Movies remain big business, and enormously influential cultural forces, not to mention one of America’s most successful export products in a globalized economy. But Hollywood’s significance is nowhere near what it used to be, and its central role in what you might call the symbolic economy of the world is long gone. American movies once seemed like the collective dreams of the 20th century, larger than life but almost attainable, fueled by potent myths about individualism and freedom and masculinity that were more powerful than politics or ideology and swept away all resistance. Stalin loved American cowboy movies, and was anguished that the boy-meets-tractor films inflicted on the Soviet public never had the same stupid, pure conviction or life force. Jean-Luc Godard’s entire career as a cinematic revolutionary can be summed up as an attempt to inoculate himself against his deep passion for American movies, and to outlive their cultural hegemony. He may have succeeded – his 3-D film “Goodbye to Language,” which will not be honored in any fashion by the Oscars, was one of 2014’s extraordinary cinematic accomplishments -- but not in the way he once expected.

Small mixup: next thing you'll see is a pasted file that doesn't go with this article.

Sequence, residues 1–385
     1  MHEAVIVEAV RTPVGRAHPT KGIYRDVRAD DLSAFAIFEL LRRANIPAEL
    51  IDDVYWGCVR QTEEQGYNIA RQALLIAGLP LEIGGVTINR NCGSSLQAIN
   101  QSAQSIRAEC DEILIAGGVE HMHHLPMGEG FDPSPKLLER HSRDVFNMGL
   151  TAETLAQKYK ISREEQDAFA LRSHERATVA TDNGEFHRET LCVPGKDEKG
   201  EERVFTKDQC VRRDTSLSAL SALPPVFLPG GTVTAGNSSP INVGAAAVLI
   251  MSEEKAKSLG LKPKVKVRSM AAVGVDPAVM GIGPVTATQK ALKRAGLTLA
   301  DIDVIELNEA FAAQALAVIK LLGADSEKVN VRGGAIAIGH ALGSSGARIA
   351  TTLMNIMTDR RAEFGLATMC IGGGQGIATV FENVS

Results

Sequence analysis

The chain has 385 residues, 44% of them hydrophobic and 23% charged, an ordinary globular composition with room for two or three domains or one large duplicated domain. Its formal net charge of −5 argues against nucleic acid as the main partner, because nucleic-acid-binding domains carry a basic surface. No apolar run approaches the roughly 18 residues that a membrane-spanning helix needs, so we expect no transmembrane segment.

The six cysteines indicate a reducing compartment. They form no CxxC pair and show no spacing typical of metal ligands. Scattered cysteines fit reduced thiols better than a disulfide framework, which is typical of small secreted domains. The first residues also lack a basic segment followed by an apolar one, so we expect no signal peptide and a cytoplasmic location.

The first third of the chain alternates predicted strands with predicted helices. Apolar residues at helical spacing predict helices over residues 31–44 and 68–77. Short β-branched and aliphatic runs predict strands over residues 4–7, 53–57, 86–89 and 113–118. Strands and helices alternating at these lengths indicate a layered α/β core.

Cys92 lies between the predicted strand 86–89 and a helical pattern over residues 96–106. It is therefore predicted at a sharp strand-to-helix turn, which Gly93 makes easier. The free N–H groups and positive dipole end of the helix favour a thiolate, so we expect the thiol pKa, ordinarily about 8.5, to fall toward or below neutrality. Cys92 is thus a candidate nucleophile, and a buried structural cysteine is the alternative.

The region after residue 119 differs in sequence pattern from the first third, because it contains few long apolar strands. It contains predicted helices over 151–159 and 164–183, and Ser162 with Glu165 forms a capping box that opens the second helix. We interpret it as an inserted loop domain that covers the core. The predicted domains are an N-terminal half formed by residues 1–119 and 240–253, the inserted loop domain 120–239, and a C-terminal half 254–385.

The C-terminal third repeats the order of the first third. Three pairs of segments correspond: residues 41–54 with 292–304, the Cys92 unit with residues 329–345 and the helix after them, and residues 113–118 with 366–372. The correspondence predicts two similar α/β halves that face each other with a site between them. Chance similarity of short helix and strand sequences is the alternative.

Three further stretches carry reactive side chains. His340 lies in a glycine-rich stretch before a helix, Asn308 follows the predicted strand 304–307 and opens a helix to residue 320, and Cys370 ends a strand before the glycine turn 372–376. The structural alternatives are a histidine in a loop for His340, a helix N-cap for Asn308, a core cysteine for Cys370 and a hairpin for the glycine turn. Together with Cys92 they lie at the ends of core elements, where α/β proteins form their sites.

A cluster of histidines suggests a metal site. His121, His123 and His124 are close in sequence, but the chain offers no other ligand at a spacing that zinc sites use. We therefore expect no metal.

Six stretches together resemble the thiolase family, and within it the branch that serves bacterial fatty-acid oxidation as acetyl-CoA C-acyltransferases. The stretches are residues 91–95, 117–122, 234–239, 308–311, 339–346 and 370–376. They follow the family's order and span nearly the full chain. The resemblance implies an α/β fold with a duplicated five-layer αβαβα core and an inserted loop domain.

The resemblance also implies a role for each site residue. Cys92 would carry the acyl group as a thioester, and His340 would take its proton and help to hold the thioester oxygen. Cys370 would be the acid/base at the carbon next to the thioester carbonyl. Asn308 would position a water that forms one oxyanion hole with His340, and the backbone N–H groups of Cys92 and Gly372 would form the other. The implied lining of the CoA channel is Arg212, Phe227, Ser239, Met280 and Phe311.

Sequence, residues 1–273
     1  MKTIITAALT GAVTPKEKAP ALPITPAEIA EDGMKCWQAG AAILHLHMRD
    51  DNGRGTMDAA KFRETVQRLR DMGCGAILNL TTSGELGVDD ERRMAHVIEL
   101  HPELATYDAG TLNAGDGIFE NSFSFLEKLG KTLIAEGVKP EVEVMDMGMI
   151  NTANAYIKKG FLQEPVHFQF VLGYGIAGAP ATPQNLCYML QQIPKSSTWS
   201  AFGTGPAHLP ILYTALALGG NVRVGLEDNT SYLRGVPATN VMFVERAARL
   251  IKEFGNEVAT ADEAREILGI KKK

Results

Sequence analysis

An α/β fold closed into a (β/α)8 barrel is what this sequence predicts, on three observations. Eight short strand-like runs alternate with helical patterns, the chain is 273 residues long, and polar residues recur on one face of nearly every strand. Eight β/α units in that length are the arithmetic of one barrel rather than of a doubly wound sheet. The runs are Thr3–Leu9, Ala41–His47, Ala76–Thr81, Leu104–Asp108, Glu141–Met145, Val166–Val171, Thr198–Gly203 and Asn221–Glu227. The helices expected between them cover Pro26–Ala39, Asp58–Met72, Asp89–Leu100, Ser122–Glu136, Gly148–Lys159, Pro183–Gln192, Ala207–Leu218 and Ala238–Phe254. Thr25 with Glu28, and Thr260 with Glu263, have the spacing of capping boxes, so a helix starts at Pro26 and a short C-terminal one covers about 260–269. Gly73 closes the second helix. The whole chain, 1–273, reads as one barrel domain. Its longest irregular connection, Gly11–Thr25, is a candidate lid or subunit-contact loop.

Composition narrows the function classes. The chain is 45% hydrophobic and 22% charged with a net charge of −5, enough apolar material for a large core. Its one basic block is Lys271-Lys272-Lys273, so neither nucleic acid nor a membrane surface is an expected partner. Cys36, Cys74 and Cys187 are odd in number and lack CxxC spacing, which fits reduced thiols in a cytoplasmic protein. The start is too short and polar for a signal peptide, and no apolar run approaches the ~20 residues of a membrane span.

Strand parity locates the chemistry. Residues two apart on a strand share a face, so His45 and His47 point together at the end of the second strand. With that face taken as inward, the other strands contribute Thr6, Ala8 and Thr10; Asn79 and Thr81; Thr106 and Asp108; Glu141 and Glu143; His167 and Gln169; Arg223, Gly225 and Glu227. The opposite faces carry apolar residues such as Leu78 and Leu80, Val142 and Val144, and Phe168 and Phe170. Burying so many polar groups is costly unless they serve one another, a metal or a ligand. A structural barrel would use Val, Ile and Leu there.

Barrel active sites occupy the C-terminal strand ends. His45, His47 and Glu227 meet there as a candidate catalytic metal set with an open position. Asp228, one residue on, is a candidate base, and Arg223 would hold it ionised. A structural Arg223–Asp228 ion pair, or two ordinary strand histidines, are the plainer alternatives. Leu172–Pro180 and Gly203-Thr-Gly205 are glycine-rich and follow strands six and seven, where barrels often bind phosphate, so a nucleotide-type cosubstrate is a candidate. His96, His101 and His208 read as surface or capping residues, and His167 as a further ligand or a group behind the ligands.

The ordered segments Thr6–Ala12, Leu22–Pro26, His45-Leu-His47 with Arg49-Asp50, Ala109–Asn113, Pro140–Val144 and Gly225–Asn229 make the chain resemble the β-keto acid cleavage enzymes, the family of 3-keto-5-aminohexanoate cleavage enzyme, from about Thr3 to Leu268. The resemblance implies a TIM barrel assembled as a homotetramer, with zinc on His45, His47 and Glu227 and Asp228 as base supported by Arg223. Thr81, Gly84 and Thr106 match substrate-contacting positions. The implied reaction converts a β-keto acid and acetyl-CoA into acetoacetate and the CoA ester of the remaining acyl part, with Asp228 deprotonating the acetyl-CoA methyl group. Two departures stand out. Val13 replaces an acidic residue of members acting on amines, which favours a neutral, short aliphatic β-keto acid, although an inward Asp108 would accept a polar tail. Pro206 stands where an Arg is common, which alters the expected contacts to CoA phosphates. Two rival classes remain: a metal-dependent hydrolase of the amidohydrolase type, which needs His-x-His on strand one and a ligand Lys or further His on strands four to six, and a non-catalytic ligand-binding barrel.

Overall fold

All those myths that lay behind the grandiosity and the greatness of American movies now appear compromised, undermined, shot full of holes. Hollywood’s most profitable products – the “Transformers” series, the “Fast Furious” franchise, the ever-metastasizing Marvel Comics universe – represent noise and bluster rather than any clear sense of cultural mission or vision. They’re cynical special-effects spectacles whose only conscious ideology is that of bigness, loudness and hotness, calibrated for a post-pubescent male audience that spans the globe. (I would argue, and have argued, that all sorts of semi-conscious ideological coding comes along with that cynicism and that calculation, but we’ll set that aside for now.)
Even as those movies pay for second and third homes, graduation-present Audis and family vacations in Vail and St. Maarten, people in the film industry view them with a mixture of dismay and contempt, which spills over into a peculiar mistrust of massively popular films per se. If we brought down an intelligent life form from Titan and explained the alleged premise behind the Oscars, he/she/it might well wonder why superior examples of the genre “Guardians of the Galaxy” or Joss Whedon’s “The Avengers” or Christopher Nolan’s “Dark Knight” series don’t win these awards. I mean, yes, I’m being intentionally dense and no, those aren’t my favorite movies either. But they represent what people actually want to watch, executed with wit, craft and vision. So it’s objectively kind of mysterious.